senior couple looking at laptop

After Black Friday and Cyber Monday, when many of us shop for holiday gifts, comes Giving Tuesday. This is a day when we’re encouraged to get into the true spirit of the holidays by donating to our favorite charitable causes.

But just as we should be sure we’re dealing with reputable businesses when we’re buying holiday gifts, we should also be sure the charities we give to are legitimate. There are all kinds of con artists out there just waiting to take advantage of our kind hearts. And the United States Senate Special Committee on Aging notes that older adults may be at higher risk of falling for the wiles of these crooks who seek to exploit their generous nature.

Phony charities divert billions of dollars each year that could be going to a good cause. They might even steal your credit card number or other sensitive personal data. Here are some of the most common scams we might encounter:

Disaster fraud. As soon as coverage of a natural disaster or other tragedy appears on the news, charitable organizations spring up to help the victims. This year, maybe you’re considering donating to the victims of the California wildfires or Hurricane Dorian. But the National Center for Disaster Fraud warns that crooks may set up fake “help the victims” charity appeals. Before you give, check out the charity first, whether the request comes by mail, by email, by phone call or a crowdfunding link from Facebook.

Fake veterans and emergency responder charities. We all want to help those who selflessly serve our nation. Taking advantage of this, crooks have formed fraudulent charities that actually give little or no money to the veterans, law enforcement agencies and fireman in whose name they are collecting. AARP offers advice for avoiding fake veterans charities, and the FTC has offers information about phony “badge charities.”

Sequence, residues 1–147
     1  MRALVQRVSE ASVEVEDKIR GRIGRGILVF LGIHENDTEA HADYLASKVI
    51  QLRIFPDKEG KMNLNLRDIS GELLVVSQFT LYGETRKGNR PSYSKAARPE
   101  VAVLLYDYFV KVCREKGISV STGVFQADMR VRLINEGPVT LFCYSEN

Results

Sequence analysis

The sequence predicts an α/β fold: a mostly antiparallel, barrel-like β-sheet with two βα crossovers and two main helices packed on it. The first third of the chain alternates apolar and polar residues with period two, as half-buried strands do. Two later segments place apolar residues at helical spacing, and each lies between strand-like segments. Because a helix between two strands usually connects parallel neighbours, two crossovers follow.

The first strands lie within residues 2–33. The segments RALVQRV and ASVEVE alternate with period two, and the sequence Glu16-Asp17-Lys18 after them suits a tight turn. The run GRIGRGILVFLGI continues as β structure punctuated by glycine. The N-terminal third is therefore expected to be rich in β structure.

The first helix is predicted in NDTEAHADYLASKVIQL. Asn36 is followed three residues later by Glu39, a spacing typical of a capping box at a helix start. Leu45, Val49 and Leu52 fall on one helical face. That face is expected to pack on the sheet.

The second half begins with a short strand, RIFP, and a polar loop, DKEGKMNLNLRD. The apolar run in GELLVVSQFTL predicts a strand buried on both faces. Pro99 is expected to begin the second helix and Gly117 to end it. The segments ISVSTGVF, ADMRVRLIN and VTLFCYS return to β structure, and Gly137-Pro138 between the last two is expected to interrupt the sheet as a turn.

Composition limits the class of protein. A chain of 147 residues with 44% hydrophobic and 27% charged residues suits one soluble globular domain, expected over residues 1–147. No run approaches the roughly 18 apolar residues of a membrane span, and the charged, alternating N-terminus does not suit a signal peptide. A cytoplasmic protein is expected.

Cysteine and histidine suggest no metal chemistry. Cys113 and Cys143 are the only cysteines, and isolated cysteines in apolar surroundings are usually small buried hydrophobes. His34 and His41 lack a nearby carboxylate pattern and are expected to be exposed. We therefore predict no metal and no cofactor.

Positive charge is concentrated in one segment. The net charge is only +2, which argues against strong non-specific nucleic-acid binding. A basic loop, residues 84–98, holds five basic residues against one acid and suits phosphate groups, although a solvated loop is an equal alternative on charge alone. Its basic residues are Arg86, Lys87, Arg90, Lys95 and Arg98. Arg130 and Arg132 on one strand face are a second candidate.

Sound-alikes. When a solicitor asks for a charitable donation, pay close attention to the name of the organization. Crooks often collect under a phony name that’s designed to fool us. Knowing the American Heart Association is a respected, genuine foundation, a con artist might send an appeal from “The Heart Association of America.” The Alzheimer’s Association is highly rated, but be sure you aren’t giving to a group that mimics the association’s colors and logo and uses a similar name.

How can we be sure our heard-earned money is going to a reputable charity?

 Begin by setting up a personal giving plan for the year, and stick to it. Carefully choose the causes you want to support. If you’re approached by a solicitor, request that they leave information with you. Then check out the organization before adding them to your giving list. As the Better Business Bureau says, “Giving on the spot is never necessary, no matter how hard a telemarketer or door-to-door solicitor pushes it. The charity that needs your money today will welcome it just as much tomorrow.”

Then, resist the temptation to make impulsive donations. A fancy brochure, an official-looking website, a TV commercial that tugs our heartstrings or a persuasive phone call might move us to pull out our credit card right away. Instead, check out the charity online—try the Federal Trade Commission, the Better Business Bureau’s Wise Giving Alliance and Charity Navigator. Your state attorney general may have information on local organizations.

Remember, a “volunteer” who calls you or comes to the door may actually be paid a salesperson carefully trained to use a fictional hard luck story to get you to donate. It’s not bad manners to hang up the phone or close the door with a firm “no thank you.”

The urge to help others is a powerful human impulse. How much better we will feel about our holiday giving when we know we are genuinely helping those in need, rather than supporting a crook’s lavish lifestyle!

Source: IlluminAge